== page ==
An Uplifting Trip to Cologne Cathedral
We were in Cologne, Germany, last week, teaching a Loving Relationships Training. After our work was done the one thing I wanted to see was the Cologne Cathedral. I have been there twice before. Once in 1987 and once in 2013. What drew me to it? Probably not the religion, but more in terms of the tremendous creative energy and fortitude that would enable us as humans to construct such a thing. The intricacies of the Medieval Gothic Cathedral almost boggle the mind when you ponder the actuality of the physical actions needed to put the thing together—all out of stone, painstakingly carved by hand, every piece, by the thousands and thousands.
I came upon this great structure, up from the underground parking lot, into the cold atmosphere of a bright and sunny mid January day, amidst the spaciousness of an adjacent and primarily empty plaza. My Love, Sondra Ray, and our friends from Cologne (or Köln, as they say in Germany)— Dina, Dirk and Ursina—were with me on this pilgrimage. The twin spires are the tallest of any Gothic Cathedral in the Northern Gothic period. The construction was begun in 1248 and went on for 225 years, when it came to a halt in 1473. For nearly 400 years it sat unfinished, the completion of the original design was not carried out. Not until the fervor of nineteenth century Romanticism, and love for the nostalgia for the Medieval grandeur, was the final end in sight for the Cathedral’s grand completion. Another 40 years of intense work, from 1840-1880, produced a final masterpiece according to the original plans.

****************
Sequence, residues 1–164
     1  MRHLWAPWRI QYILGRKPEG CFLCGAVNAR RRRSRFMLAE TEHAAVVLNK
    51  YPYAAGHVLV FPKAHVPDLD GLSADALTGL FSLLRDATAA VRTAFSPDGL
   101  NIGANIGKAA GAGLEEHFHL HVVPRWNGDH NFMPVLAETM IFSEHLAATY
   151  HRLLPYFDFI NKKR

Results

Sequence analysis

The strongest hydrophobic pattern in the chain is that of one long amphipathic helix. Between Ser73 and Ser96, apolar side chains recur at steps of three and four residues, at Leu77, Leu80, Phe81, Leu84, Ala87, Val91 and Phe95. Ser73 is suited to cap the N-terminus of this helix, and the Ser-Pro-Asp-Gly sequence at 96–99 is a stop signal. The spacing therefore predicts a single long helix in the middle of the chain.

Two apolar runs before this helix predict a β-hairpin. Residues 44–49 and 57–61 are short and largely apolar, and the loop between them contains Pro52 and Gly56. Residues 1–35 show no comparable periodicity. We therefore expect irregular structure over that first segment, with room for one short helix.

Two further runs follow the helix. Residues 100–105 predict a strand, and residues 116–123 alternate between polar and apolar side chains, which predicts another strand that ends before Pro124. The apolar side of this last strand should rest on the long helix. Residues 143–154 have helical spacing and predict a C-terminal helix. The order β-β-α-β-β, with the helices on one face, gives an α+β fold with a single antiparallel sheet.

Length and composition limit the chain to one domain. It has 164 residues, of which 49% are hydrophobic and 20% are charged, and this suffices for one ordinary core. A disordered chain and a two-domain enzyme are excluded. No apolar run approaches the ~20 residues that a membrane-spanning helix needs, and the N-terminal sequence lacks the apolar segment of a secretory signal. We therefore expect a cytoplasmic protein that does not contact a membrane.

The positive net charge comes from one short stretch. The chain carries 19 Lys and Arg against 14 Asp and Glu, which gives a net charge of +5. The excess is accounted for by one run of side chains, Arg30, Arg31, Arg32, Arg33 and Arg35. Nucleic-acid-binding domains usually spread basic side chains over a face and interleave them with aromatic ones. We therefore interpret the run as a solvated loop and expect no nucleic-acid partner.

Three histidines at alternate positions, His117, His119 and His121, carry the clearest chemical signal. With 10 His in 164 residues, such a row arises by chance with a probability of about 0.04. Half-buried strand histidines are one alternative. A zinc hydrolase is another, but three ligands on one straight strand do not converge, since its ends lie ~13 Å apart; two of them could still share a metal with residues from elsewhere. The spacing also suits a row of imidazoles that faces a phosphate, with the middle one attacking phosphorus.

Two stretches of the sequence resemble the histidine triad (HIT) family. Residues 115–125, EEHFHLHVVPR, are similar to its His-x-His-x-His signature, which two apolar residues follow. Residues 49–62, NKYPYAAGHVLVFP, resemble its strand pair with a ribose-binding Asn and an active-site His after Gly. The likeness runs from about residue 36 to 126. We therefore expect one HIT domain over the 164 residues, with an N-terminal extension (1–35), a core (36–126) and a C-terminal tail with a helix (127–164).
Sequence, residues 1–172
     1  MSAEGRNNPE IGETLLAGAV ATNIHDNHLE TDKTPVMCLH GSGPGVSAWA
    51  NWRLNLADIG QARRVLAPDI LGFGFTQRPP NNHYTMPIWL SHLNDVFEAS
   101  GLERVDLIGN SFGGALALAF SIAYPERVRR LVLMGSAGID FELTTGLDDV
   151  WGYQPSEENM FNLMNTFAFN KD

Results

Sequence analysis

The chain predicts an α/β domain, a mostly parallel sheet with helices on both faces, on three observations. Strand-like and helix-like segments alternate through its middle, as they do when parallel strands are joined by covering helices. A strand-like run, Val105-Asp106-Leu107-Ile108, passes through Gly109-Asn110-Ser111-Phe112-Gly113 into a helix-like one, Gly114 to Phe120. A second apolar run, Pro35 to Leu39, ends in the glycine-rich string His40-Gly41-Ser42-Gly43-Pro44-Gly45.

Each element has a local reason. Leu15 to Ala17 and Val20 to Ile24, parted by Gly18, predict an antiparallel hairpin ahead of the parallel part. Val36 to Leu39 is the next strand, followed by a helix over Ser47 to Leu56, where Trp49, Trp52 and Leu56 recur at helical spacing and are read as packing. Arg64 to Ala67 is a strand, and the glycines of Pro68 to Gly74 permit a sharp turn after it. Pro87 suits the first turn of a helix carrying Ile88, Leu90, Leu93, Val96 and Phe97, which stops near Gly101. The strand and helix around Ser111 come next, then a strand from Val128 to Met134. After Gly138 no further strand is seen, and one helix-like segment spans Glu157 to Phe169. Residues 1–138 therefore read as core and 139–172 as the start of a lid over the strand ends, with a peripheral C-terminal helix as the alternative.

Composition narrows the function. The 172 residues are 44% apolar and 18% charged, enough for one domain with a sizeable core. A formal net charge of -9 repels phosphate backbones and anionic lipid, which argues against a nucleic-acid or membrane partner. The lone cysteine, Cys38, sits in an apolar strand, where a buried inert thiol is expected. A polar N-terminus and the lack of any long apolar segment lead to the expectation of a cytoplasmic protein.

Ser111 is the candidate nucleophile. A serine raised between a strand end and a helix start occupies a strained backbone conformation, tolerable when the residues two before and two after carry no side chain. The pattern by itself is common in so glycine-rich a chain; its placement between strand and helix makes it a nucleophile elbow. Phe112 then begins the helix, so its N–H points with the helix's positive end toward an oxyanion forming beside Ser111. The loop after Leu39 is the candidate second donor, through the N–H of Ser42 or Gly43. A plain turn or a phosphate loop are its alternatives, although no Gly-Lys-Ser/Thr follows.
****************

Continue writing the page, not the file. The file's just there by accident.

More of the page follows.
A Vertical Tower of Light and Glorious Stone
The Gothic experience is one of verticality. It is also one of light, intense and colorful light. It is above all, an experience of the glory of stone. Praise be to God from whom all blessings flow, yet they flow in the magnificent facility of stone masons and artists who worked in unison for centuries to produce such a remarkable structure. Together they toiled, with great focus, honoring the highest and best aspirations of mankind. Going into the Cologne Cathedral, one enters a dark cold place, and is lifted up to the heights of light, color, verticality and stone. Stone is everywhere, in all forms and shapes. Stained glass windows are vignettes of glory. Color floods your heart. The vertical lines of the soaring columns take your eye up to the heavens, to burst forth in the intricacies of expansively ribbed vaults of holy and glorious space.
But alas. I am an artist. And the religious experience for me is in the artifacts left by the craftsmen and designers of the day. Yet, what is really Holy in the end? It is a relationship, says Jesus in A Course in Miracles. The Holy Spirit does not even require the grandeur of a structure like this at all. It is in a heart to heart relationship between I and Thou, as Martin Buber put it. It is a Presence of Divine Connection in a space beyond thought, in which I can “meet you” in silence and stillness, as my Teacher, Tara Singh, would put it.
The Adoration Of the Magi
Let us not forget, nor be mesmerized by the grandeur of the place, which I assure you, is mind blowing. How could human beings have constructed this? Yet, what is it for? This is always the final real question applied to any man-made structure or edifice. Within the glory of the Cologne Cathedral is housed the bones of the three kings who came to adore the Christ Child. The “King of Kings” was adored by the worldly Kings of old, for the purpose of making note of the regality of his message: “Love ye one another, as I have loved you.” They came to honor absolute Love, and to pay homage to the human being manifested in His God-Given Holiness to express this absolute Love.
In 1164, Holy Roman Emperor Fredrick Barbarossa took the relics of the Magi from the church of Saint Eustorgio in Milan and gave them to the Archbishop of Cologne, Rainald of Dassel. The Three Kings have since attracted a constant stream of pilgrims to Cologne. (Wikipedia—”Shrine of the Three Kings”)